What Extreme Partisan Gerrymandering Could Mean For 2018 Midterms
AILSA CHANG, HOST:
We want to talk more about what gerrymandering may mean for the midterm elections this fall. So we're going to turn to Michael Li. He's senior counsel at the Brennan Center for Justice, and he's co-author of a new report on extreme partisan gerrymandering. Thanks for coming in today.
MICHAEL LI: Thanks for having me.
CHANG: So your study concludes that Democrats would need to win by a huge nationwide margin to take back the House. How big would that margin have to be?
LI: Well, to be assured of taking back the House, our estimate is that they would need a margin of about 10.6 points or so, which would be historically large.
CHANG: When was the last time Democrats swept an election by 11 points, ever?
LI: Well, you'd have to go back to 1974 and the post-Watergate (laughter) election...
CHANG: (Laughter) Ah, OK.
LI: ...To find a margin that big. It comes close in 1982. But really, other than that, in a midterm - not that often.
CHANG: Well, why does the margin have to be so huge, according to your study?
LI: Well, a lot of it seems to be related to gerrymandering because it's particularly hard for Democrats to win seats in some large states that have a lot of congressional districts, like North Carolina, Ohio, Michigan. And these are 50/50 states. You know, if you look at the topography, there's a lot of pink and light blue. And if you just sort of drew districts naturally, you'd have a lot of competition. Instead, what happened is that voters were artificially sliced and diced and recombined into districts that give you these lopsided advantages - for example, a 12-4 advantage for Republicans in Ohio, a 50/50 state, a 10-3 advantage for Republicans in North Carolina, again, another 50/50 state that elects both Democrats and Republicans at the statewide level.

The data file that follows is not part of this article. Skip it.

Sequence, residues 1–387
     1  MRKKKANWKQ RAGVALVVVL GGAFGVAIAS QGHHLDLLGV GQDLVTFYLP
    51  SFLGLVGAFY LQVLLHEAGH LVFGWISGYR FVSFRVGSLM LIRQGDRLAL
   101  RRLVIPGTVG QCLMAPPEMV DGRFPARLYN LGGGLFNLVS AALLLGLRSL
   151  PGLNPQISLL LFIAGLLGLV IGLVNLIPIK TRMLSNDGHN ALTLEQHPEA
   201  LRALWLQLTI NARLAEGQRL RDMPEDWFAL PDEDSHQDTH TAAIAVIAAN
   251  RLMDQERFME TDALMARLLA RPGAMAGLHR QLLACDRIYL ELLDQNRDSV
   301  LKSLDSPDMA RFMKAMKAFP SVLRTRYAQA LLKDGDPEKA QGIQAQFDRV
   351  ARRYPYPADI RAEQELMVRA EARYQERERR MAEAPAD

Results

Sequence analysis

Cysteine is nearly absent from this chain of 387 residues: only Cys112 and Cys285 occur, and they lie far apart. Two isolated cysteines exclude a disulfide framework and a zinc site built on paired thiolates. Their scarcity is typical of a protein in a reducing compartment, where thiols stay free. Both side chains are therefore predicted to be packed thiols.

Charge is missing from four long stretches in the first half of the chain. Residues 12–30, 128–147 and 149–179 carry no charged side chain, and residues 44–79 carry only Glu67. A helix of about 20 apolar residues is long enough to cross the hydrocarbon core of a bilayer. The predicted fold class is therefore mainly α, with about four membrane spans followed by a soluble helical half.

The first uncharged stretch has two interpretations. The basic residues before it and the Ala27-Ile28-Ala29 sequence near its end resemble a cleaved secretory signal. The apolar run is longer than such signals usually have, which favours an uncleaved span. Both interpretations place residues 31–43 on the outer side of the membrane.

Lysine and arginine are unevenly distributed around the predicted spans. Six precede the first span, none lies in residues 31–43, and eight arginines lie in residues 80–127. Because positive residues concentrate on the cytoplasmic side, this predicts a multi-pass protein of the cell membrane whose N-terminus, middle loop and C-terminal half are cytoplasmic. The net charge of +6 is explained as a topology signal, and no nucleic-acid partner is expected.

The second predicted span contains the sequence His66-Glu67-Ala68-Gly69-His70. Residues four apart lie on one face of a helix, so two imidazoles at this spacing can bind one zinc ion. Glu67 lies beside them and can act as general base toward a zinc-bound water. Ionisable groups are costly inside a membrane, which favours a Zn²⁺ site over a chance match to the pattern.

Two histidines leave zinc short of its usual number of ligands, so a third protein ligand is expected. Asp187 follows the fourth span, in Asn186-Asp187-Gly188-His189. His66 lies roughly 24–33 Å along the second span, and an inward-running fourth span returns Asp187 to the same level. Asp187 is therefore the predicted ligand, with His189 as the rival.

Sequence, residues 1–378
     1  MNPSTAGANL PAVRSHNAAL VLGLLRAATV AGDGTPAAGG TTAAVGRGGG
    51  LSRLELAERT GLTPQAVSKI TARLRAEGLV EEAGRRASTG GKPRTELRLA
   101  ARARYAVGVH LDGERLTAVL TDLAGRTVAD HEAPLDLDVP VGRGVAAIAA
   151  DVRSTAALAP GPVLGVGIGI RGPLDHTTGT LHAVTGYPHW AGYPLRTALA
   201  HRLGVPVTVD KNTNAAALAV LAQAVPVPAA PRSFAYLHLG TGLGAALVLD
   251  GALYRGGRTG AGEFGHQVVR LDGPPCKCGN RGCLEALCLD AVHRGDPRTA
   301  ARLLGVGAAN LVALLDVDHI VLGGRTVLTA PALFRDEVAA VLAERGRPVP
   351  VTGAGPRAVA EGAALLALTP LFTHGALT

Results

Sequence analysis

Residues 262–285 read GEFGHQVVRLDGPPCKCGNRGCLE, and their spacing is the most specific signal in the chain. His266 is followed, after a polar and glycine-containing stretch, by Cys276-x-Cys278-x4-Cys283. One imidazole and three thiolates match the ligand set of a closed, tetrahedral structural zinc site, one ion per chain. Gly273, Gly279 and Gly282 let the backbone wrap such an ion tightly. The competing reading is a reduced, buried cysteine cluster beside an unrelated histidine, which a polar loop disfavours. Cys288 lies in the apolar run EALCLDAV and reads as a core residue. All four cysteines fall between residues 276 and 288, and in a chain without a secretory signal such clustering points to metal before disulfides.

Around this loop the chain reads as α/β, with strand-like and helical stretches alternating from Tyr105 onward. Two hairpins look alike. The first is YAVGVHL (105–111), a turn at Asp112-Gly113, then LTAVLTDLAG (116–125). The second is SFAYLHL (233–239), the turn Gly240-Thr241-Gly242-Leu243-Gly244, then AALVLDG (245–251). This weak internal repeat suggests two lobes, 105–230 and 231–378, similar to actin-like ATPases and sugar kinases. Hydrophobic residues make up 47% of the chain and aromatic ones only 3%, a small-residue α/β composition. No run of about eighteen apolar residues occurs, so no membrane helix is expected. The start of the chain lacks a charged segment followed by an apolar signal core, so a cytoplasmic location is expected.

CHANG: I want to step back a little bit because one of the premises of your study is that Republicans did such an effective, intense job partisan gerrymandering around the country that they basically have locked in the House unless Democrats pull through with a huge victory. But there is a charge that we hear a lot, and that charge is both parties have had dirty hands when it comes to overzealous gerrymandering. Do you agree at least somewhat with the charge?
LI: Absolutely. Democrats will gerrymander just as much as Republicans. It just so happens that this decade Republicans had the pen in more states because the round of redistricting in 2011 took place after the 2010 election, which was a wave for Republicans. So they won unprecedented victories not only at the congressional level, but in many states. And they use that new power to lock in their advantage.
CHANG: As we just heard, the Supreme Court is considering two cases this term about partisan gerrymandering. If you were writing the opinion - let's just make you a Supreme Court justice right now - what would be your test for when partisan gerrymandering goes too far?
LI: Well, I would look at entrenchment. And my mother would be very happy that you have made me a Supreme Court justice.
LI: But we would look at entrenchment and whether you're artificially locking in a party. Lots of reasons why a map might be biased in favor of one party or another that are perfectly neutral. But if you're putting your thumb on the scale, that's a problem. And what our study points out is that in most states, even states like New York or California, if you draw maps fairly and you just keep communities together, you end up with maps where each party gets more seats as it gets more votes.
CHANG: Should politicians even be involved in redistricting plans, or should we rely on independent commissions or special masters?
LI: So we do think that commissions are a great way to go. But if states don't want to do that, there are lots of reforms that they can do to place tighter rules on how maps are drawn and to increase public participation and transparency. So there are lots of ways to fix this system. We don't have to have a system where one party gets to make all the decisions behind closed doors. That's where you've seen all the biggest problems.
CHANG: Michael Li is senior counsel for the Brennan Center's Democracy Program. Thanks very much.
LI: Yeah. Thank you for having me. Transcript provided by NPR, Copyright NPR.